The US NFP and Unemployment Rate Results, Is the US Job Market Improving?

Friday Release Forecast Previous Consensus
8.30am Non- Farm Payrolls >-80K -20K -65K
Unemployment Rate 9.5% 9.7% 9.8%
Average Hourly Earnings +0.2% +0.2% +0.2%

Weather Impact on February NFP is most likely going to be very big because of the severe snowstorms that occurred on Feb 4-6 and Feb 9-10 that affected areas that were densely populated during the period of survey. Economists at estimate a worse figure than the consensus of the monthly payroll change (-80k vs. -20k in January), although we have an inclination to believe the figure might be significantly greater than -80k and might probably read above -120k. However traders should beware of the conflicting risk posed by the Unemployment rate figure which is tended to decline.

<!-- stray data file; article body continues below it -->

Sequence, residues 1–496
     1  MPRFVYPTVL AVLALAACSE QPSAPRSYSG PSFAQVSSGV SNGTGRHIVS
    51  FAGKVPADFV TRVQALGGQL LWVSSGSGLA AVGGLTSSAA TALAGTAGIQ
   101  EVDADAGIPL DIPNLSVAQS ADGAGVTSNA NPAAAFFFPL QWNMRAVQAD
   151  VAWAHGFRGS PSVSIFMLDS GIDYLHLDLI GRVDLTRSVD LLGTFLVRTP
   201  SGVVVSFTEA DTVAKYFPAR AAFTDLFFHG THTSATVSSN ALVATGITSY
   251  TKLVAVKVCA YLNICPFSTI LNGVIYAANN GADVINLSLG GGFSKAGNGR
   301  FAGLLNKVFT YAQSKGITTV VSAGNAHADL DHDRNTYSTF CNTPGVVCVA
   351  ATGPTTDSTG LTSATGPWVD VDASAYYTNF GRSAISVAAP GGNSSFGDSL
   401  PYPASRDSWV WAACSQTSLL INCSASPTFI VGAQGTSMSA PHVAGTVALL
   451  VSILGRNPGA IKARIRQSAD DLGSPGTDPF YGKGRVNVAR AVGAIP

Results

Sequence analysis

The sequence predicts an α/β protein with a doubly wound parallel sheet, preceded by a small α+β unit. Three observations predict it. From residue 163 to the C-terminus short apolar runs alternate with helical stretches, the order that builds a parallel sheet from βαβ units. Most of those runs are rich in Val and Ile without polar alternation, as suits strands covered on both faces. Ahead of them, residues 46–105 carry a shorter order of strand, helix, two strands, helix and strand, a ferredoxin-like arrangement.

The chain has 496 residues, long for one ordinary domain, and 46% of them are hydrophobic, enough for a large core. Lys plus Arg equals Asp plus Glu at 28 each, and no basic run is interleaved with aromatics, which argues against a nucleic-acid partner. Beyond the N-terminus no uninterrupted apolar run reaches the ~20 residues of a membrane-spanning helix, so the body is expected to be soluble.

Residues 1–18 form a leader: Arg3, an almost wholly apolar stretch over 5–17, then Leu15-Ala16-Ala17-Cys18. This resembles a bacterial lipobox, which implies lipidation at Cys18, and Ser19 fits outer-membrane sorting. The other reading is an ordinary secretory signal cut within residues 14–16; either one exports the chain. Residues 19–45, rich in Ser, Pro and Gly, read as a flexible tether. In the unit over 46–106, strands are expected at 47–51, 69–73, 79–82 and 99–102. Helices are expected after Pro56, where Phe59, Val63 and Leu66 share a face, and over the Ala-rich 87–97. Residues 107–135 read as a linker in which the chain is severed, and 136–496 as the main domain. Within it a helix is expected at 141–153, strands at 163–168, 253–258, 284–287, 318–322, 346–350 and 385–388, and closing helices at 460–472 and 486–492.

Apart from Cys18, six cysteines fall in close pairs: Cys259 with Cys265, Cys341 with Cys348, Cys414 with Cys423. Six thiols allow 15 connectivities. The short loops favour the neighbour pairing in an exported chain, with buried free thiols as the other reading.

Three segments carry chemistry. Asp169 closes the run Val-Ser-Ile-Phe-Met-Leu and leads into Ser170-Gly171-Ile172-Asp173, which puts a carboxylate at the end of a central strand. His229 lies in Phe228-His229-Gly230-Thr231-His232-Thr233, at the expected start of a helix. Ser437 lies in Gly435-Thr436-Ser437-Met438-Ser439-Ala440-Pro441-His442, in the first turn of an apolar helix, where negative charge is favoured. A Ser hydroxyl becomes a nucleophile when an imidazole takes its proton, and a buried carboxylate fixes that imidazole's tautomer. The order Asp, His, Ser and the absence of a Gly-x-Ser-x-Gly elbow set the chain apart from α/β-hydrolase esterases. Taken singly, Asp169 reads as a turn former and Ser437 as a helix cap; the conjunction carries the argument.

During major snowstorms in the past, the number of “weather workers” (those individuals who were employed but did not work due to inclement weather) has shown significant increases. In recent history, the last major weather events occurred in February 2007 (505k), January 1996 (1846k) and February 1994 (536k). In each of these snowstorms, the subsequent print on nonfarm payrolls was notably below the three-month trend leading up to the event by roughly 100k. We are inclined to believe the fallout from the latest storm bears the closest resemblance to the events of 1996. Subsequently, nonfarm payrolls were originally reported to be down 201k in January 1996. The following month then showed a massive 705k increase. Barring the weather impact, we would have forecast payrolls in the vicinity of +85k. In light of this distortion, we will pay closer attention to other series that are less likely to be influenced by the weather, such as the unemployment rate. This is because the household survey was conducted one week after the establishment survey. Based on what we are seeing in short-term unemployment duration, we expect the unemployment rate to fall further in the near term. After peaking at 10.1% in October 2009, it has since moved down to 9.7%. We expect it to decline 0.2% to 9.5% in February. Yesterday’s revisions to the Q4-2009 productivity data support our view that the labor market is posed to improve substantially. Productivity growth was revised higher (6.9% from 6.2% as previously reported) as both the numerator (stronger output) and the denominator (fewer hours worked) contributed to an even more impressive result. The three quarter change in productivity (7.4% AR) has only been matched/exceeded on three occasions since record keeping began. Productivity tends to be mean reverting, so unless demand falters, inadequately-staffed businesses will need to hire additional workers. In fact, we are already seeing evidence of this in the temporary hiring statistics, which have totaled an average gain of +68k per months over the last three months. This series is strongly correlated with permanent hiring, particularly after adjusting for a roughly three month lead.
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